MIAMI, United States. – Norwegian Cruise Line Holdings (NCLH) must pay US$100 million in damages for the use of the cruise docks in the port of Havana, which were confiscated in 1960 by Fidel Castro’s regime, according to the British news agency Reuters.
The decision against the cruise line company was made public on Friday, and specifies that the plaintiff, Havana Docks Corporation, a company registered in Delaware, will receive US$109,848,747.87 for damages.
The report states that Miami federal district court judge, Beth Bloom, ruled that the use of the docks at the port of Havana constituted trafficking with the plaintiff’s confiscated property
In addition to the US$100 million for damages, Norwegian must also pay Havana Docks Corporation an additional US$3 million for fees and legal costs.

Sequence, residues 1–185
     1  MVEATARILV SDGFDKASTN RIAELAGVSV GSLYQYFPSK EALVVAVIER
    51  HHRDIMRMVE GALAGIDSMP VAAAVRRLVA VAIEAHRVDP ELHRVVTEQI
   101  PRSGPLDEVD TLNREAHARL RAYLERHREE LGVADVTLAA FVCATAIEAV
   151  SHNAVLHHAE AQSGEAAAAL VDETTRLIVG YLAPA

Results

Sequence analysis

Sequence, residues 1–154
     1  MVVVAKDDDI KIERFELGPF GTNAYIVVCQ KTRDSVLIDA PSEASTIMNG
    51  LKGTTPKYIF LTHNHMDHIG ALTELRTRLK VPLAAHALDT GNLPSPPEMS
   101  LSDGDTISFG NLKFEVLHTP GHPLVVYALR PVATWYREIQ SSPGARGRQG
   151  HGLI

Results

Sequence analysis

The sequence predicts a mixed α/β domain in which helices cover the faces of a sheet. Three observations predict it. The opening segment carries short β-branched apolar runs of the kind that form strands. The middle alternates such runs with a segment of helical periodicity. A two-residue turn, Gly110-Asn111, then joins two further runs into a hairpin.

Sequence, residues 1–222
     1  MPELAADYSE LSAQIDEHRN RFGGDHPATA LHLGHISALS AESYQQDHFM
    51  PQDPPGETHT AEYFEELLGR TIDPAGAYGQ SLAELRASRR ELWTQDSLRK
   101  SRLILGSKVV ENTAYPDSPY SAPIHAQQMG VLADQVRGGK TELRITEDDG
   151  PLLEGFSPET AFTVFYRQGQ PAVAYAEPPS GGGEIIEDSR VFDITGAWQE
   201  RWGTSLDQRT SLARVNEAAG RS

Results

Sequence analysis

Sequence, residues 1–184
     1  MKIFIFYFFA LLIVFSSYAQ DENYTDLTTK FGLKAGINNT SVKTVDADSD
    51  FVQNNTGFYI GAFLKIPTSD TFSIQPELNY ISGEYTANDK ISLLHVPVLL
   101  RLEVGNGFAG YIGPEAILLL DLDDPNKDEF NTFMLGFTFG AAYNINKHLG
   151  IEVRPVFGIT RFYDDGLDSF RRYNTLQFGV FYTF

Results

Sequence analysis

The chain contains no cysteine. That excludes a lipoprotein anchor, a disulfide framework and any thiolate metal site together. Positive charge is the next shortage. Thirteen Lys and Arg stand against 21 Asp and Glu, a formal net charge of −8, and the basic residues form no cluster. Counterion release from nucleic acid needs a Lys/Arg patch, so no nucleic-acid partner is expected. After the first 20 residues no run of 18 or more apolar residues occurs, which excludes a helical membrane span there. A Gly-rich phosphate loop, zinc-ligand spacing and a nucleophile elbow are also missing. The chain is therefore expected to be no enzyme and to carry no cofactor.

“The court rules in favor of the plaintiff Havana Docks Corporation and against Norwegian Cruise Line Holdings, Ltd.,” states the court decision to which the British news agency had access.
Reuters has stated that Norwegian has yet to answer a request for comments made by the agency regarding the case.
Havana Docks Corporation has also sued other cruise line companies –Carnival (CCL.N), Royal Caribbean (RCL.N) and MSC- based on the Helms-Burton law that allows US citizens to sue national and foreign companies for the use of property confiscated from them in Cuba during the Cold War.
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